So just how dire is the threat of Islam? Harris states that "The truth is that there is every reason to believe that a terrifying number of the world’s Muslims now view all political and moral questions in terms of their affiliation with Islam. This leads them to rally to the cause of other Muslims no matter how sociopathic their behavior. This benighted religious solidarity may be the greatest problem facing civilization." Harris is making the claim that religious affiliation and solidarity with other Muslims who commit "sociopathic behavior" just may be the greatest threat to civilization. Putting aside the facts that civilization actually began in the areas that he calls the "muslim world," often making a sharp distinction between this world and civilization, this is an easily provable falsehood. We can establish this by putting the threat in perspective, much as Harris has done in his article earlier this year on guns and gun control in the US. In the article Harris seeks to put into perspective the true reality of gun violence in the US by stating that there are an estimated 100,000 deaths due to the failure of doctors and nurses to wash their hands properly, which is obviously greater than the number of deaths caused by gun violence. Although he concedes that "A narrow focus on mortality rates does not always do justice to the reality of human suffering" -It should be noted that a mere mortality rate doesn't even come close to doing justice to the suffering caused in Iraq by the US and that it's subsequent foreign policy continues to cause suffering in the region. Between refugees, secret prisons, destruction of civilian infrastructure, and injuries the toll becomes incalculable-. Therefore to put the threat of Islam into perspective we can look at the data on the subject. The odds that you'll die in a terrorist attack are around 1 in 9.3 million worldwide and 1 in 20 million in the US. This puts your odds of dying in an extremist muslim attack behind the the risk of being mauled to death by a dog. It's actually lower since not all terrorist attack attributable deaths were committed by Muslims.
However, if you lived in Iraq your chance of dying from the US led invasion was over 1 in 50, because the US wiped out 2.5% of Iraq's population. So while Harris attributes the US and Israel with a moral high ground for avoiding the killing of noncombatants he fails to note we kill more both in percentage and in number than do Islamic extremists. However, we do have to pay attention to the very high death toll and real threat posed by Islamic extremists, but anyone with any detailed study of the effects of Islamic extremism would have to concede that those who suffer the most from Islamic extremism -in both attacks and other heinous forms of oppression- are those who live in the "muslim world." As Hussain points out in his reply to an article shared by sam harris on twitter, "The simple fact is that Islamic extremism is almost exclusively a threat to people like me- not rich, white, westerners like Sam Harris." This distinction is important because it comes to the heart of Harris' argument for secularism and against Islam. As Chris Hedges put it, "they externalize evil. Evil is not something that you struggle with within yourself. Evil is embodied in religion." This is why Harris asserts that Islamic "benighted religious solidarity may be the greatest threat facing civilization."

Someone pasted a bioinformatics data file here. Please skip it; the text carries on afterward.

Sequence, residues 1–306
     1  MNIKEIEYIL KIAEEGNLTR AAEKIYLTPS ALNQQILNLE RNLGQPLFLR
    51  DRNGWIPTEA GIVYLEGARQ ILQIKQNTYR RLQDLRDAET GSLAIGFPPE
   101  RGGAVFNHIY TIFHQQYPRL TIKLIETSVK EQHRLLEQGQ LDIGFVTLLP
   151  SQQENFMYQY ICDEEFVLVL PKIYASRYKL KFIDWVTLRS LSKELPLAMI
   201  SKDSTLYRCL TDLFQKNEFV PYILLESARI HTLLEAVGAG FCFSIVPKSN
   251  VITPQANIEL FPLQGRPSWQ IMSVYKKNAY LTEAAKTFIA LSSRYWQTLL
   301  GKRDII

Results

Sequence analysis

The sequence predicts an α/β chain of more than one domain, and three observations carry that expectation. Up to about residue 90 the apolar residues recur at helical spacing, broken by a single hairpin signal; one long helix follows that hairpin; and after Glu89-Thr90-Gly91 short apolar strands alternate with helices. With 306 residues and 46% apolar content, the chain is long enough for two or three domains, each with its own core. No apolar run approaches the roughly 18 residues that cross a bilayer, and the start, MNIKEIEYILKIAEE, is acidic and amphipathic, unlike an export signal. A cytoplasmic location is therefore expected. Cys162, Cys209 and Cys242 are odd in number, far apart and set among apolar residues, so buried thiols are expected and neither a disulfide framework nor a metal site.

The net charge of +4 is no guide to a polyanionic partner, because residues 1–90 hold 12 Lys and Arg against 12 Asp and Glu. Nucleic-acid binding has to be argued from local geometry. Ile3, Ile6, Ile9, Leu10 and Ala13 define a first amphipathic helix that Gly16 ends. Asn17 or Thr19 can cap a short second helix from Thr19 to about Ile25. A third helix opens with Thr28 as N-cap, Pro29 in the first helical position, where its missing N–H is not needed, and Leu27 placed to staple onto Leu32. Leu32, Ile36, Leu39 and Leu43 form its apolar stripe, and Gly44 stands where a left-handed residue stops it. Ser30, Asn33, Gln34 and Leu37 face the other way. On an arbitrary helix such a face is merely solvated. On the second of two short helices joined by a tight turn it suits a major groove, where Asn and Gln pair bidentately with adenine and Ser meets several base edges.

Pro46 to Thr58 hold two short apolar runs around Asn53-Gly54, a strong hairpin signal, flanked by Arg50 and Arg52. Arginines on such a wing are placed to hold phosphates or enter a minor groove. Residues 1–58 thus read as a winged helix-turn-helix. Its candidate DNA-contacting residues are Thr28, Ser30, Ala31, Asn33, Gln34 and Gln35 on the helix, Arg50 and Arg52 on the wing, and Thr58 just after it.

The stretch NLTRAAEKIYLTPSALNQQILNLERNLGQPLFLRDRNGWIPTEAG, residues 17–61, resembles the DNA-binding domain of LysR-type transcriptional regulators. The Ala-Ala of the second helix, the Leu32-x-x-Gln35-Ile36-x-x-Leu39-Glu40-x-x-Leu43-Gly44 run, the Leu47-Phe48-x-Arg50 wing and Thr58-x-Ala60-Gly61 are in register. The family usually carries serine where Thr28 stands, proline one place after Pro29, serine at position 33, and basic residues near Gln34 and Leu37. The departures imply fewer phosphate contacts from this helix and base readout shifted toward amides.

Harris' arguments for why Islam is such a threat come off somewhat convincingly unless we apply the same standards to ourselves. Let's be clear that a failure to apply the same standards to our own state result in an externalization of evil and a sanitization of crimes being committed in our own name -Harris himself has argued for US and Israeli rightness while arguing against Islam using this same tactic-. Harris states that "the only way that Muslims can reasonably be said to exist as a group is in terms of their adherence to the doctrine of Islam," and that Muslims have "an equally dogmatic commitment to using violence to defend one’s faith, both from within and without, is similarly central to the doctrine of Islam."
So how would those claims be applied to the US? The war in Iraq was launched based off of the belief of protecting the US and its interests from the threat or potential threat of Iraq, specifically from the unproven and zero evidence claims that they had WMD. This war was one of many wars where a majority of the US public supported the war at the beginning of the war. Further evidence shows that the US public supported the war even over a year after the conflict began with 54% supporting it in September of 2004. What kind of dangerous dogmatic beliefs would the US public need to have to support a war based on false claims? The answers could be said to be blind patriotism, and viewing all their moral and political questions in terms of their national identity. What's important to note is that the US public adhered to an illegal doctrine of preemptive war, with a dogmatic commitment to using violence to defend our faith that Iraq had WMD, and protect our country from within and without. The legitimization of the use of violence against our "enemies" is no less radical and follows a very similar process to religious indoctrination, whereby the public was indoctrinated to believe in a profound threat to their country with no supporting evidence. It's also worth noting for perspective, that 93% of Muslim's when polled, condemned the 9/11 attacks.